My eyes were barely open at the start, like any good post-concert pic. OK it was sunrise.
The Allentown (PA) Morning Call newspaper included me (slide 53) in this photo gallery, taken at the start. Just crossed the start line, remembered I forgot to start my Garmin on time. They must be Pat Benatar fans, because who isn't?
Here was a photo I took at the expo of the course map:
Deena had told me when we chatted on Saturday: "Run for the tangents." That is elite-speak for "Don't stray from the path the elites take." Indeed, there are some wide roads, and if you don't "run for the tangents," you can find yourself adding a lot of extra mileage to your half. Whenever Deena speaks, I listen. Please make sure you follow her and Coach K!
"Hills for breakfast" were the encouraging words at the start line from RW editor David Willey (I think), and I looked forward to just getting through the first eight miles, as the final five were pretty much downhill. This is not a Half for the meek of heart, I have to say. Miles 3 and 8 are major uphill hikes, even tougher than the Harlem Hill on top of Central Park that I battle so often.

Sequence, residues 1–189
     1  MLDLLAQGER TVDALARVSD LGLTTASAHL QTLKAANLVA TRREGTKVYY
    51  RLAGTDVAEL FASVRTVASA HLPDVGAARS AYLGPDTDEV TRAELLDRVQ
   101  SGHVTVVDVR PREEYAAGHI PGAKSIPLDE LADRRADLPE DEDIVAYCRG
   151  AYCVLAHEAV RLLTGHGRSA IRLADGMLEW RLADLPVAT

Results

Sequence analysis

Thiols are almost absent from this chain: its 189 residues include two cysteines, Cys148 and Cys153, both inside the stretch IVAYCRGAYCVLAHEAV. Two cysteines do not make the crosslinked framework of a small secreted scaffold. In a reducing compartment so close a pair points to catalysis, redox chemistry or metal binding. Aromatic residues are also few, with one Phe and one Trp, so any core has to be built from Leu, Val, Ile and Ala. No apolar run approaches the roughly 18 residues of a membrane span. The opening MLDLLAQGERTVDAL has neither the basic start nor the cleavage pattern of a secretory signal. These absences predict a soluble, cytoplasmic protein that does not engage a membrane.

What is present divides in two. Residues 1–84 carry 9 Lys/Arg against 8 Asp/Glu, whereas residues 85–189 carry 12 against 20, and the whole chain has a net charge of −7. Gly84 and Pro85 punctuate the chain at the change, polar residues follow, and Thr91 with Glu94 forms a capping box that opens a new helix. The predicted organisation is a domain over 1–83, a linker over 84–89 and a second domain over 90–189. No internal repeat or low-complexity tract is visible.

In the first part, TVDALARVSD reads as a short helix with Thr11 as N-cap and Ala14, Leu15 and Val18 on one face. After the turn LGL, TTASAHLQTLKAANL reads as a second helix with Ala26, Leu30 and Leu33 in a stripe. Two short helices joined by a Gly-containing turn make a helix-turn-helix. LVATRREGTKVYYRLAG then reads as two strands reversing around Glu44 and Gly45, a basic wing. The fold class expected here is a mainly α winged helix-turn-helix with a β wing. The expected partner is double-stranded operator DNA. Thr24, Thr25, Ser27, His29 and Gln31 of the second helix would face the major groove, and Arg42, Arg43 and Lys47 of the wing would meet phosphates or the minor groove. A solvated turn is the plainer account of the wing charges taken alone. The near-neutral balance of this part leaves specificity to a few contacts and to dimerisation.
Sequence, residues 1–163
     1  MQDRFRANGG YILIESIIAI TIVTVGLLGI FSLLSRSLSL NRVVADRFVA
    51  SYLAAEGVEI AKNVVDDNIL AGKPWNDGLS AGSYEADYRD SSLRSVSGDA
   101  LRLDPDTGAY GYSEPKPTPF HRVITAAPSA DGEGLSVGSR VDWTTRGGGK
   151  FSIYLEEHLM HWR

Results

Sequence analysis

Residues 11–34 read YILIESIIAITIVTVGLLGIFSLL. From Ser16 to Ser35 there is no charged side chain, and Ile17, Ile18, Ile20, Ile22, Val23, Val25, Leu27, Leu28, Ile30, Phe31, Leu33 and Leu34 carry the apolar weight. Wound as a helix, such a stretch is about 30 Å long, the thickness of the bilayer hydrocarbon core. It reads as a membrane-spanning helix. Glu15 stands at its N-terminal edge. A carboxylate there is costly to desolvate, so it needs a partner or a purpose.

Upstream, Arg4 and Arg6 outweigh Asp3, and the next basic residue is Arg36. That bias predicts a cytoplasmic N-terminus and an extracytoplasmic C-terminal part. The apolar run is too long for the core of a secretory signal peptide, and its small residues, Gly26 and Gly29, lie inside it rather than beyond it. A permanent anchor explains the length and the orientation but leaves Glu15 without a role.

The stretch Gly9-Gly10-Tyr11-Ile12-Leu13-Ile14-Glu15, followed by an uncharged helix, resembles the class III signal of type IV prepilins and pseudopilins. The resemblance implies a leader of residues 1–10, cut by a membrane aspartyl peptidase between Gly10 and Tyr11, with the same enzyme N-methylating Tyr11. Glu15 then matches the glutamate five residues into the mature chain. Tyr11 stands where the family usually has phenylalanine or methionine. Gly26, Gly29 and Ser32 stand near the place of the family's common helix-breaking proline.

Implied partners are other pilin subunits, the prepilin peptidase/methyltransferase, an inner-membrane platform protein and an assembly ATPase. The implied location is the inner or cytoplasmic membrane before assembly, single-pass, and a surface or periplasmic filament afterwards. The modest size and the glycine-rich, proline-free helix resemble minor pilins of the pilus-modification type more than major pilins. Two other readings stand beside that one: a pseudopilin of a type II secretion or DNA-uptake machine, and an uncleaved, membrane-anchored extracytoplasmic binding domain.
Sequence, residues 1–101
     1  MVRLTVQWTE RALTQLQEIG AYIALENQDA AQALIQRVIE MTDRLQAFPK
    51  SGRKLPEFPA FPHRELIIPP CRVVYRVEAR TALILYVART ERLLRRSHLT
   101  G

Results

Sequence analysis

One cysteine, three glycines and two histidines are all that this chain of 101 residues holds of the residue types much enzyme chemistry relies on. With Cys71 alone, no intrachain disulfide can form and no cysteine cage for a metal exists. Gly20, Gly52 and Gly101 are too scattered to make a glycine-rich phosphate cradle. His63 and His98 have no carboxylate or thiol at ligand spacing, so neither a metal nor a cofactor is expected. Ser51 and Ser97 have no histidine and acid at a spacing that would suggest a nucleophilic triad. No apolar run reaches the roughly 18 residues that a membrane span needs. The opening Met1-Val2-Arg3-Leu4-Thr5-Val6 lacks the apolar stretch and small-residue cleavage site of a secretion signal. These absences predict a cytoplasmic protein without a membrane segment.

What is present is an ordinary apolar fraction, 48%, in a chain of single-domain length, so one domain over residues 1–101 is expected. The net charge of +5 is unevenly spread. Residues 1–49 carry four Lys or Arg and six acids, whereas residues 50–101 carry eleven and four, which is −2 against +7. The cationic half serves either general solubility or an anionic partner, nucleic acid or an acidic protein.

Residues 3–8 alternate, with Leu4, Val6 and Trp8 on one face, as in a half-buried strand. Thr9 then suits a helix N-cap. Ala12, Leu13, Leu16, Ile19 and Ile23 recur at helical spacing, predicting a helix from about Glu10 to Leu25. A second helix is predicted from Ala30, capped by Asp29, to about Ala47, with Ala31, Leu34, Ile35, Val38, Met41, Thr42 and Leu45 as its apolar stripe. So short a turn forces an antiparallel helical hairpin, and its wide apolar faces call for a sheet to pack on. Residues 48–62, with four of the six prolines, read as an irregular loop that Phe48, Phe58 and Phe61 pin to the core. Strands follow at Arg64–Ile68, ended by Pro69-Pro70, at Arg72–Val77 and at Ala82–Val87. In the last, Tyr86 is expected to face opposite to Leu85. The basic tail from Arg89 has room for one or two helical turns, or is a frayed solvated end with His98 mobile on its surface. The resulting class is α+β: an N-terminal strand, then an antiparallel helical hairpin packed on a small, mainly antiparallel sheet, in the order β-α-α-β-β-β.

I had been hit with a stinging pain in my lower right calf area 2 weeks earlier in the Grete's Great Gallop Half at Central Park, felt it again in a 3-miler on a treadmill last week, and then sure enough it hit me in Mile 4 of this race as we were running straight downhill and my legs were trying to resist gravity.
So the rest of the race, I was dealing with significant pain in my lower right leg, and that combined with the tough hills meant I was walking more than I usually would. My finish time was 2:49.
Have to give a major shout out to @BamaGirlRuns for finishing all four events, while still not cleared for running duty following her unfortunate leg break this year. It was a lot of #beastmode to get through those hills, walk or run. Hope she bounces back fast! And same to Karla, Larisa and my friend @RacePaceJess, hope all of you guys bounce back from dreaded runner injuries.
It is a beautiful course, and the field of runners are abnormally running-savvy (think Boston Marathon as a half) while the event is also extremely accommodating and helpful to ALL runners. I found out about their Sub Thirty Club (under a :30 5K is the premise). You learn a lot at this event. It's a cool expo, and the seminars and pasta party are among the highlights.
So my advice after this running weekend was just remember what Pat Benatar told all of us during her show. You never know when one of your songs is suddenly going to appear in a whole new paradigm shift from audio to something called MTV. You never know when opportunity will happen. So just get out there and make things happen. And remember this: